Mepa is in the final stages of proposing an amnesty to sanction long-standing illegal developments. The scheme is meant to wipe out a substantial chunk of Mepa’s pending enforcement cases, which number about 10,000, and to rake in more than €20 million.

While acknowledging that the authority had done a lot of work on the proposal, Mepa CEO Johann Buttigieg insisted it had not yet been presented to the board or Cabinet.

Applicants will be expected to pay a one-time fee, that is heftier than the current sanctioning charges, through an online portal and file a series of documents, such as site plans.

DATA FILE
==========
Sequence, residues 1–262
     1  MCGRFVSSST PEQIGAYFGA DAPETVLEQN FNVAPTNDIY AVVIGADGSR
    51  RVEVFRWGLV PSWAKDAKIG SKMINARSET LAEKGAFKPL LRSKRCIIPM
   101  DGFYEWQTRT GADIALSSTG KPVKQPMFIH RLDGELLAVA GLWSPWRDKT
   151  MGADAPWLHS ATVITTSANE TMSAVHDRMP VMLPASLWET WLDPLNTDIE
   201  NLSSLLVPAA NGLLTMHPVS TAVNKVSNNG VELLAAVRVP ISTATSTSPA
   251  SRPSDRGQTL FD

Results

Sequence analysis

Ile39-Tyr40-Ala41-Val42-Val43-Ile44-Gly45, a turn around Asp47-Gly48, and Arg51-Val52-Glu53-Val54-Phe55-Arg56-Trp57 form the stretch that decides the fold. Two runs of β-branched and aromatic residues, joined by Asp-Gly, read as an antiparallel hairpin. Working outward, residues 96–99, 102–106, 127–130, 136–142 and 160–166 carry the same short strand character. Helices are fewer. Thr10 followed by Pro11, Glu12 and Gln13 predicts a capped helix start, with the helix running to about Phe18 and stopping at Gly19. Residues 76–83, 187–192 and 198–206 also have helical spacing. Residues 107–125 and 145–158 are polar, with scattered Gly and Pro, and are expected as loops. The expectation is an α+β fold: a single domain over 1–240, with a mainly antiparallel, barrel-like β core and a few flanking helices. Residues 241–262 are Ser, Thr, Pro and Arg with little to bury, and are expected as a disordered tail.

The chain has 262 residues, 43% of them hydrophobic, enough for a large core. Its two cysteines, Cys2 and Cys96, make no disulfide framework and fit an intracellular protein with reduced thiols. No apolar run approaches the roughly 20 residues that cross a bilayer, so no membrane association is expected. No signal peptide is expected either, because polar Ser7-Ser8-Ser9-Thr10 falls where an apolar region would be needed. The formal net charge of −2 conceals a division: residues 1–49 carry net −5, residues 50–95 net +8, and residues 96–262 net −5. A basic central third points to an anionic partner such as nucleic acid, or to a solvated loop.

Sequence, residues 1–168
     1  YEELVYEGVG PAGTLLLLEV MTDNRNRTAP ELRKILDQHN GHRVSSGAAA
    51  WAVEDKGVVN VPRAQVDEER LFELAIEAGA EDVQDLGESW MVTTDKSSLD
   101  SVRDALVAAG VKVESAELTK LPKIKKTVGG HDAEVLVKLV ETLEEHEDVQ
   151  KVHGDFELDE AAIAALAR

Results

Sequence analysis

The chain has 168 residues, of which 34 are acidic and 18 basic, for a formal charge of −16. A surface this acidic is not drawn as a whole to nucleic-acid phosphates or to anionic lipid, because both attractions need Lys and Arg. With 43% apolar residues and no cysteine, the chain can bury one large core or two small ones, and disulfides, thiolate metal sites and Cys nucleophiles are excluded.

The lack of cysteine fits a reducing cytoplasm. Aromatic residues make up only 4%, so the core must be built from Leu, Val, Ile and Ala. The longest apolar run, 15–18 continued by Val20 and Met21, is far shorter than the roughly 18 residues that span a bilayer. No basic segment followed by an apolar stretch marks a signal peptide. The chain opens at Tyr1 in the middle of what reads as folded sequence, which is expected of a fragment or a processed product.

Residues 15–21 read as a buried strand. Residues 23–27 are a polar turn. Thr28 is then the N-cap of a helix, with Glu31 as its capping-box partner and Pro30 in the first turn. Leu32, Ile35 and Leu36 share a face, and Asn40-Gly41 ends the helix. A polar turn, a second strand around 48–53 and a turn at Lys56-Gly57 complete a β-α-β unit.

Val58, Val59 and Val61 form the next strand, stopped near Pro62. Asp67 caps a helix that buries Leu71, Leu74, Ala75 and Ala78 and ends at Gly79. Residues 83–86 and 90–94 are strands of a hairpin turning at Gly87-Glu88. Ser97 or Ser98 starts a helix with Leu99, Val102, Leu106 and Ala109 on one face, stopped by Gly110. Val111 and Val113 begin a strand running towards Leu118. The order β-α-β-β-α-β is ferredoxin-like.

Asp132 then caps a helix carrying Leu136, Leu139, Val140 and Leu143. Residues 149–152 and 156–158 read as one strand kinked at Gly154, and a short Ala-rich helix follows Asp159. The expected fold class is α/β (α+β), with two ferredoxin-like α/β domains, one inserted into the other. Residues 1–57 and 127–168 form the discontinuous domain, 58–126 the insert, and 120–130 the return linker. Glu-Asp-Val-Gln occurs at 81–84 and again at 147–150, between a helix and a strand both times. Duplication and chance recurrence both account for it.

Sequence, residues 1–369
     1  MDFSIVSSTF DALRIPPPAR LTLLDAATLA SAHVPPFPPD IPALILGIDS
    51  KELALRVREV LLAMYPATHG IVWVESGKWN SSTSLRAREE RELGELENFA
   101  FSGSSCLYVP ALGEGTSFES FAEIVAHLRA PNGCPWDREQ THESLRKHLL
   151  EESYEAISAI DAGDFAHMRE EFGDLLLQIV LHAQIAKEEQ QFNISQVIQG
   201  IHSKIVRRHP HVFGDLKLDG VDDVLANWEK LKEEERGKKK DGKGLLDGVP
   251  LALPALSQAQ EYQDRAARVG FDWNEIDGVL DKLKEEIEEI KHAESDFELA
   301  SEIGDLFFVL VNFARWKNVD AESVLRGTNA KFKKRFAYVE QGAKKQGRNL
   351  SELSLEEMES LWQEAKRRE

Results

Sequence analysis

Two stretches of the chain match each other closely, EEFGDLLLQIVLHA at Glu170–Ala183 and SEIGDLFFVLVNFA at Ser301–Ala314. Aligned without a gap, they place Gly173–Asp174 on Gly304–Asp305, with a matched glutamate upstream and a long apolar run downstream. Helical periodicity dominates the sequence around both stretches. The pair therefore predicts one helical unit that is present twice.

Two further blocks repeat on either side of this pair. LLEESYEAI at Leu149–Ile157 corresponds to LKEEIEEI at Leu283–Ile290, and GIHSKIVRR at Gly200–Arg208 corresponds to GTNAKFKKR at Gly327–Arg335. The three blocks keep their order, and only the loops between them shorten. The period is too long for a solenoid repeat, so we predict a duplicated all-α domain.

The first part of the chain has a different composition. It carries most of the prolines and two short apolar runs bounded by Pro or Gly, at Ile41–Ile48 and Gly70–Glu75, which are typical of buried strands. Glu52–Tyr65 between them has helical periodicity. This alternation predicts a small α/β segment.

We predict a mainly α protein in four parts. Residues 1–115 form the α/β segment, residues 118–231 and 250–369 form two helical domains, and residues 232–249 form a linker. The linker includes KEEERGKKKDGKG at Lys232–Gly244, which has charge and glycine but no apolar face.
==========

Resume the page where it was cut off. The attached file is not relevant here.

However the outcome is not guaranteed. The application will go to a board and only if it is given the green light, according to certain criteria, will the property be regularised.

The scheme will apply to all infringements that took place before 2013 and those outside development zones that took place before the full establishment of the planning authority in 1994.

There will also be some restrictions on the change of use without permission of properties used by sprayers or mechanics in residential areas.  The scheme will not apply to the Armier boathouses because applicants have to produce a certificate of ownership.  

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